Cases of sexual abuse by peacekeepers over time may have tarnished the organization’s work, but it wasn’t until there was widespread reporting of peacekeeping failures—including numerous reports of rapes and prostitution during the Bosnian war—that the UN sought to change the system. In response, former UN Secretary-General Kofi Annan called on a group of experts to evaluate peacekeeping operations and recommend institutional changes to help prevent abuses by peacekeepers.
Despite enacting changes that improved oversight, abuses continued, most notably in the Congo—where peacekeepers were reportedly paying young girls food for sex in 2005. The UN responded by releasing yet another report that placed a heavier emphasis on pre-deployment conduct and discipline, and making training on preventing sexual exploitation in the field mandatory. (Multiple attempts by Women Under Siege to contact UN Peacekeeping for comment went unanswered.)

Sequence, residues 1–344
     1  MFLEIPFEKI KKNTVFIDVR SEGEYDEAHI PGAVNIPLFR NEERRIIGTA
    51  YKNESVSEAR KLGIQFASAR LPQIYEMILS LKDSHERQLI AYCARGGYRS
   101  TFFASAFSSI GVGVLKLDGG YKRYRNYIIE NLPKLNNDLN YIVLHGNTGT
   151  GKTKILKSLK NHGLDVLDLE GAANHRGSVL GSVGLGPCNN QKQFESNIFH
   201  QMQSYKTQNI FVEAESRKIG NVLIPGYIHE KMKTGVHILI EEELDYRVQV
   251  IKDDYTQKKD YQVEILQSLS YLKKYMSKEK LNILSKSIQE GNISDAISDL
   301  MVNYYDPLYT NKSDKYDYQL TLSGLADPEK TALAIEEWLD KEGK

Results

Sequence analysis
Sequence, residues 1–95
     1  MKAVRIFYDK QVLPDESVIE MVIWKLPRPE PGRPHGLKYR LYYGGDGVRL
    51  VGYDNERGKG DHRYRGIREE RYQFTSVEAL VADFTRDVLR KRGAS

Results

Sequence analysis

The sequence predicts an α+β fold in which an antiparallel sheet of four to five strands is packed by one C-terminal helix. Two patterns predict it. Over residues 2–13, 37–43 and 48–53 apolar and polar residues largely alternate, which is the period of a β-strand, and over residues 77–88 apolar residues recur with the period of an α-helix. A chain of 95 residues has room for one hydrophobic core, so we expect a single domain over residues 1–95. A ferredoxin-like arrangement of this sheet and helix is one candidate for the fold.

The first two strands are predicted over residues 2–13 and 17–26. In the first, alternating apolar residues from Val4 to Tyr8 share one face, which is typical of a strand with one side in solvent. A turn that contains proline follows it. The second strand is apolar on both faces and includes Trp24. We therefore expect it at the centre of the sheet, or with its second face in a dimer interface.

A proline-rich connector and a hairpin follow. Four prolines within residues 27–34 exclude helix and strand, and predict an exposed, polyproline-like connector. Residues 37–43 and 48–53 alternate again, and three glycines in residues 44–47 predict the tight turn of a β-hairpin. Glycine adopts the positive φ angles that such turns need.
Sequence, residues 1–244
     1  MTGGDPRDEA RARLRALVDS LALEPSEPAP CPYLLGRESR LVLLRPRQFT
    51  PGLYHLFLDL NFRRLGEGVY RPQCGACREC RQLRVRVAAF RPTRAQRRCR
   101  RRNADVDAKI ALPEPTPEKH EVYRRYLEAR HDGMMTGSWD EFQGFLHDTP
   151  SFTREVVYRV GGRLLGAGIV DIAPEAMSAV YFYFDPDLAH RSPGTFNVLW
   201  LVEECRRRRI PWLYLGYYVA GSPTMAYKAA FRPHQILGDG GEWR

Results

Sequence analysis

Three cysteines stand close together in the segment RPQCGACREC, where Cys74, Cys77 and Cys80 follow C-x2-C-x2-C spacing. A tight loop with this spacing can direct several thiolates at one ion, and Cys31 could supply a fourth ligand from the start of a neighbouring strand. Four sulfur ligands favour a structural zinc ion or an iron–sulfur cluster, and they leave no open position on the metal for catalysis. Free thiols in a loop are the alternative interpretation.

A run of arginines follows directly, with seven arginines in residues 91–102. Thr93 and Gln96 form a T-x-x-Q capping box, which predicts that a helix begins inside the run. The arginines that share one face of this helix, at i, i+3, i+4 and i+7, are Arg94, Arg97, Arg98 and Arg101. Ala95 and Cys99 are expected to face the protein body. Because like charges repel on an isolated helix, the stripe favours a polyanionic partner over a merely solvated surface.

Subsequent reform documents have been released yearly, but the cases continue. While the emphasis on reform has shown UN Peacekeeping’s awareness of its troops’ sexual misconduct, the structure of UN peacekeeping allows abuses to persist. In 2011, the United Nations reported 74 allegations of sexual exploitation and abuse by UN peacekeepers. While this is down from 357 cases in 2006, the UN is limited in how it can prevent and prosecute these allegations due to the organization’s size and member state-centric operating system.
Much of the problem lies in the basic structure of UN Peacekeeping, which echoes the problematic structure of the UN—the organization’s autonomy is limited as member states provide the mandate for peacekeeping actions as well as contribute personnel for missions. UN peacekeepers come from nearly 120 countries and bring with them their cultures, attitudes, and experiences on assignment. As they are recruited out of their national defense forces, these military personnel are “first and foremost members of their own national armies,” and only contracted to the UN. Currently, UN Peacekeeping is engaged in 16 missions worldwide, utilizing a force of more than 120,000. Within that force, there is turnover of 300,000 peacekeeping troops annually, contributing to a transient culture with few repercussions for poor conduct, according to activists.
As peacekeepers are under the control and direct leadership of their home military forces, the United Nations does not actually have that much power to enforce their behavior once they are on the ground.